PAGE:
Tuesday, February 14, 2012

Time Traveling

Some people live where their ancestral roots are deep, where they know everybody, and everybody knows them.  Others come from nomadic families, destined to live where they have no roots - destined to be outlanders.  Webster defines outlander as "someone from a different region or culture."  I have always been an outlander.  When I was an infant, my parents left southern West Virginia - where they had ancestral roots - and moved to the Florida panhandle.

We made yearly trips to West Virginia to visit relatives.  We always got a warm welcome from our relatives and enjoyed visiting with them.  But even there, where my parents were natives, I was an outlander.  I shared blood with these relatives, but I lived too far away from them to share the experience of daily life.  I was growing up in another world - a world of beaches and palm trees that contrasted sharply to the mountains of West Virginia.  To add to my sense of isolation, I was an only child so there were no brothers or sisters to share my outlander status.

I was an outlander in the Florida fishing village where I spent my childhood.  Most people who lived there fell into one of two categories.  They were either descendants of the original settlers of the county or they were in the Air Force, stationed at the nearby base.  I enjoyed neither the comraderie of the Air Force kids or the full acceptance of the settlers' children. 
I am an outlander here in southeastern Louisiana where my husband's roots run deep.  Cajuns are friendly people, but they hold blood and roots in high regard.  When you meet a Cajun for the first time, he's likely to ask who your parents are.  Sometimes you get the feeling that you're set on the sidelines when you say your parents are from another state.  If nothing else betrays my outlander status, my speech will.  I've lived here for 45 years, but often - as soon as I open my mouth - someone will say, "You're not from here, are you?"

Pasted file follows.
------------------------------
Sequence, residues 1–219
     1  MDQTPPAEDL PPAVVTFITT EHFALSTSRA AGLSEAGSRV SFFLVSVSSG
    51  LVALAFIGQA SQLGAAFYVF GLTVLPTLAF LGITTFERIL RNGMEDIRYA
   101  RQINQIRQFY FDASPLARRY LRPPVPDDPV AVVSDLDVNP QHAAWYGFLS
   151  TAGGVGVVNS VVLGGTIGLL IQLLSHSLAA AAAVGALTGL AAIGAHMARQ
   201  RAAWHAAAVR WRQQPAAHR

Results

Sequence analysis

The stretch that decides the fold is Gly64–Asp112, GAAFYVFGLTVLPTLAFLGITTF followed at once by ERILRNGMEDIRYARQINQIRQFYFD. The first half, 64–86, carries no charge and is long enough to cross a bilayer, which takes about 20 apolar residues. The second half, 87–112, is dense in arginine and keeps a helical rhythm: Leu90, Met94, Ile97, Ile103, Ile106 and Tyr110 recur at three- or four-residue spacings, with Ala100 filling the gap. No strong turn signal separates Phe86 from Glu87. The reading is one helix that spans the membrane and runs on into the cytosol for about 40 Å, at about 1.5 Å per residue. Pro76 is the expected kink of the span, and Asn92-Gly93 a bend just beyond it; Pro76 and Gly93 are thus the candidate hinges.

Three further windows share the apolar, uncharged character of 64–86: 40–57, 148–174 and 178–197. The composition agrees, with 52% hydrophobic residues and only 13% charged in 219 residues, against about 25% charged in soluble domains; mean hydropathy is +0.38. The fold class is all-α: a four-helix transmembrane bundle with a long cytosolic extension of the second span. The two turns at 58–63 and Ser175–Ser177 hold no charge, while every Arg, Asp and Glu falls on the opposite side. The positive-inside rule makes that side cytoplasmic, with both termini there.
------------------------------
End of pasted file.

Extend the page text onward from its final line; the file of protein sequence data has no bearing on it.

I suppose life is easier for an outlander if he lives in a big city.  After all, cities are where outlanders collect.  There are so many outlanders from so many different places that outlander status is the norm.  But in small towns, the natives congregate and talk about their roots and their blood connections, and it's easy for an outlander to feel like a fifth wheel.

After a lifetime of being an outlander, it's no wonder that I was drawn to Diana Gabaldon's book, Outlander.  It's a time-traveling adventure.  I can relate to it because being a lifetime outlander is a little like time-traveling.  Not quite - but almost. 


Bev Sykes said...

Have you just started The Outlander series? Oh my what a ride you are in for! Enjoy.

Judith B. Landry said...

Hi, Bev - yes, I have just started the Outlander series. I'm really enjoying the ride!